June 2015
Volume 56, Issue 7
Free
ARVO Annual Meeting Abstract  |   June 2015
The Animal Model Pattern-Reversal EEP Study of A Contact-Lens-Shaped, Flexible Retinal Prosthesis
Author Affiliations & Notes
  • Long-Sheng Fan
    NEMS, National Tsing Hua University, Hsinchu, Taiwan
  • Chang-Hao Yang
    Ophthalmology, National Taiwan University, Taipei, Taiwan
  • Ta-Ching Chen
    Ophthalmology, National Taiwan University, Taipei, Taiwan
  • Frank Yang
    NEMS, National Tsing Hua University, Hsinchu, Taiwan
  • Eunice Liu
    NEMS, National Tsing Hua University, Hsinchu, Taiwan
  • Ya-TIng Cheng
    NEMS, National Tsing Hua University, Hsinchu, Taiwan
  • CC Teng
    NEMS, National Tsing Hua University, Hsinchu, Taiwan
  • Chung-May Yang
    Ophthalmology, National Taiwan University, Taipei, Taiwan
  • Footnotes
    Commercial Relationships Long-Sheng Fan, HMTC (I), IMTC (I), NTHU (P); Chang-Hao Yang, IMTC (I); Ta-Ching Chen, None; Frank Yang, None; Eunice Liu, None; Ya-TIng Cheng, None; CC Teng, None; Chung-May Yang, None
  • Footnotes
    Support None
Investigative Ophthalmology & Visual Science June 2015, Vol.56, 761. doi:
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    • Get Citation

      Long-Sheng Fan, Chang-Hao Yang, Ta-Ching Chen, Frank Yang, Eunice Liu, Ya-TIng Cheng, CC Teng, Chung-May Yang; The Animal Model Pattern-Reversal EEP Study of A Contact-Lens-Shaped, Flexible Retinal Prosthesis. Invest. Ophthalmol. Vis. Sci. 2015;56(7 ):761.

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      © ARVO (1962-2015); The Authors (2016-present)

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Abstract

Purpose: We previously reported a high-density flexible retinal prosthesis chip using a 180 nm mixed-signal CMOS Image Sensor technology with pixel array sensing image and generating bi-phasic electrical stimulations to enable the possibility of high visual acuity and cover a large field of view. The image-sensing retinal prosthesis is made into a contact lens shape conforming to the surface of a 25 mm eyeball for a better stimulation resolution and a lower stimulation threshold. The current study evaluates the efficacy of such contact-lens-shaped retinal prosthesis through in vivo experiments of pattern-reversal electrical evoked potential (pEEP) in the visual cortex using a rabbit animal model.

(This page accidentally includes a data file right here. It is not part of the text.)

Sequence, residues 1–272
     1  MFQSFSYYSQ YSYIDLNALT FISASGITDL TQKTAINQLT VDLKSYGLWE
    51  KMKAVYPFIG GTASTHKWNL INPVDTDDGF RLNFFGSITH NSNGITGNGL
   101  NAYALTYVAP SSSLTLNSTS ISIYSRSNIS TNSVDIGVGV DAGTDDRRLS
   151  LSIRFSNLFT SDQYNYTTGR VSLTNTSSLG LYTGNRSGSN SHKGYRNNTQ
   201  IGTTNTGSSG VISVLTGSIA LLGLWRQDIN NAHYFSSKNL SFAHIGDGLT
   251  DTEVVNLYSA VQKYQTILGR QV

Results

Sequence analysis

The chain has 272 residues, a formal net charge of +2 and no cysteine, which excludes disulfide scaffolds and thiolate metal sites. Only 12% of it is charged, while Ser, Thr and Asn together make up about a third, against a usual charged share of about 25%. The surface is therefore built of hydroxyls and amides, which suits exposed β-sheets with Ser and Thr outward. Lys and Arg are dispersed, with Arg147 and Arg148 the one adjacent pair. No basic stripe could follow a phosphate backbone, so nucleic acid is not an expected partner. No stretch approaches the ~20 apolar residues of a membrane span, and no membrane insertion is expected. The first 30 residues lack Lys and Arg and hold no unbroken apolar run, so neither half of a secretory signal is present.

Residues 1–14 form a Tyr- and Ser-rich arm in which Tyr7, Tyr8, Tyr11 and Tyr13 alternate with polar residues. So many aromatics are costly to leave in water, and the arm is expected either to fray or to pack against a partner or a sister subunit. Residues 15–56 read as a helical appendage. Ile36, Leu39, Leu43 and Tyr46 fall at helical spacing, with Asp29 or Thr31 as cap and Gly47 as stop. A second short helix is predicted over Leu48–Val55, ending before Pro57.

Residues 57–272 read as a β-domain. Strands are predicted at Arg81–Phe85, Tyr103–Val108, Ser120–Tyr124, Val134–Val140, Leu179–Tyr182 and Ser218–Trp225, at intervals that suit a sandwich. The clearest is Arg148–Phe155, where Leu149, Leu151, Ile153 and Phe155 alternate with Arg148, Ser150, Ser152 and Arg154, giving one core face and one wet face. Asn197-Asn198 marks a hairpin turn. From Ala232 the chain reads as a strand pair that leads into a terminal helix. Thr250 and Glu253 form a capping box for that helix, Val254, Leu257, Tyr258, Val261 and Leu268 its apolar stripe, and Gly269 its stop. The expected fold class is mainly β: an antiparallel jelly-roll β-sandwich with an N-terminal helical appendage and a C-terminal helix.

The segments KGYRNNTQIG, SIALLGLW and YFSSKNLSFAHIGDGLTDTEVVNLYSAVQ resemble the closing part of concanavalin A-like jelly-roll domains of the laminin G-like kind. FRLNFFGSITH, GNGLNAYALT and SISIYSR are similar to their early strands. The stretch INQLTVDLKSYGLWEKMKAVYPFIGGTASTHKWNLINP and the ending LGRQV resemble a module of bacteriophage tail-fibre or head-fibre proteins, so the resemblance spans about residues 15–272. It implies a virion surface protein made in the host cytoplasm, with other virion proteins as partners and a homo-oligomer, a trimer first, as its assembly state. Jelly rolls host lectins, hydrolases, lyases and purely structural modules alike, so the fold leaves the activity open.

Methods: Pattern-reversal EEP experiments w. animal model are used to assess the potential visual acuity of the implanted high-density retinal prosthesis in the subretinal space. We surgically implanted stainless steel electrodes (1 mm OD) contacting the dura of the visual cortex of a rabbit model 2~3 weeks before the retinal prosthesis is implant in the subretinal space of the model and measure the electrically evoked potential. The electrical stimulation through the implanted microelectrode array (arranged in hexagonal array 30um in pitch) is grouped as stripe patterns in the perpendicular direction to the rabbit high-acuity horizontal stripe. The stripes are formed by selectively activating 2,500 electrodes with a pulse rate of 20 Hz to achieve the flicker fusion and the stripe pattern is reversed at 2Hz. The animal model is placed in a dark room and the pattern-reversal EEP measurements are repeated 100 times and recorded for each stripe width ranging from 750um to 30um.

Results: Recorded EEP data show that flicker fusion is formed with a pulse rate of 20 Hz, and the N1, P1, N2 peak signals can be measured for the stripe width between 750um to 30um with a signal-to-noise ratio up to 14.5dB. With a stripe width of 60um, the averaged EEP signal measured has an SNR of 8.7dB, and the average EEP signal amplitude falls within the background signal at a stripe width of 30um.

Conclusions: Pattern-reversal EEP experiments w. a rabbit animal model are used to assess the potential visual acuity of the implanted high-density retinal prosthesis in the subretinal space and the initial in vivo experiments show encouraging results toward achieving a visual acuity between 30um to 60um in the animal model.

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